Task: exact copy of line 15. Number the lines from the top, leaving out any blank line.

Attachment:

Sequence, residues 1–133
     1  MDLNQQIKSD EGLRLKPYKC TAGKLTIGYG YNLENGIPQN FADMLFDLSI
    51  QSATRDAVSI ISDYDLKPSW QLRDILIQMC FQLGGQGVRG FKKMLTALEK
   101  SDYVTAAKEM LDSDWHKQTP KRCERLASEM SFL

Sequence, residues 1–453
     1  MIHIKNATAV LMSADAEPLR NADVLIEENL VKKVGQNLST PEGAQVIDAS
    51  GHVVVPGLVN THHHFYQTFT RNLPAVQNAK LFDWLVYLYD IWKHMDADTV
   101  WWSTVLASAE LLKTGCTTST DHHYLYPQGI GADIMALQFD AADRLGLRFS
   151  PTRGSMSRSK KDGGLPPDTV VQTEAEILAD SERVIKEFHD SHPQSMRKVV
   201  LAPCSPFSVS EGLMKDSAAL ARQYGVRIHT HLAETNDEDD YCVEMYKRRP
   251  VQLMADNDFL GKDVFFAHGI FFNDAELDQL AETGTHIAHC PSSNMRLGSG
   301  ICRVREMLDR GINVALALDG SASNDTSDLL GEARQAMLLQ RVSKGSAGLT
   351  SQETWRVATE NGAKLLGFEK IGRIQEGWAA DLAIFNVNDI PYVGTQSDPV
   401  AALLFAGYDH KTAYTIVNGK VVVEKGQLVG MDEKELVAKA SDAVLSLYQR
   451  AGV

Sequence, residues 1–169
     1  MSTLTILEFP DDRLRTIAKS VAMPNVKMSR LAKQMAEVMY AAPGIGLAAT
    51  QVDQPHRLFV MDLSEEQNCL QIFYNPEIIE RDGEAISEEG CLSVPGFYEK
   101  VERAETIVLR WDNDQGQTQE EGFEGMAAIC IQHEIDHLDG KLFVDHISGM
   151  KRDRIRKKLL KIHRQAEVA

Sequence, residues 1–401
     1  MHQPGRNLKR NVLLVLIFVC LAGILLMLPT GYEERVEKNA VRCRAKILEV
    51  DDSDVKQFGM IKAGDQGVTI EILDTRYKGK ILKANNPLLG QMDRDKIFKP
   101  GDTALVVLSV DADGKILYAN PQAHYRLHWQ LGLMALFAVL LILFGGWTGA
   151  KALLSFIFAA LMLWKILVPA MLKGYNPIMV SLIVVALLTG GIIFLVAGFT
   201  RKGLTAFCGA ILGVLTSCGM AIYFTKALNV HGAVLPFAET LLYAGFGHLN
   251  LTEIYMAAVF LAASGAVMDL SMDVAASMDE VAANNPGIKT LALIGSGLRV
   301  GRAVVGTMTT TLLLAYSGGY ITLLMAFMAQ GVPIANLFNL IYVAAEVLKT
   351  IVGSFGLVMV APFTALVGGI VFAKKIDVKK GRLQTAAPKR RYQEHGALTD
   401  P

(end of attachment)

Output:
   451  AGV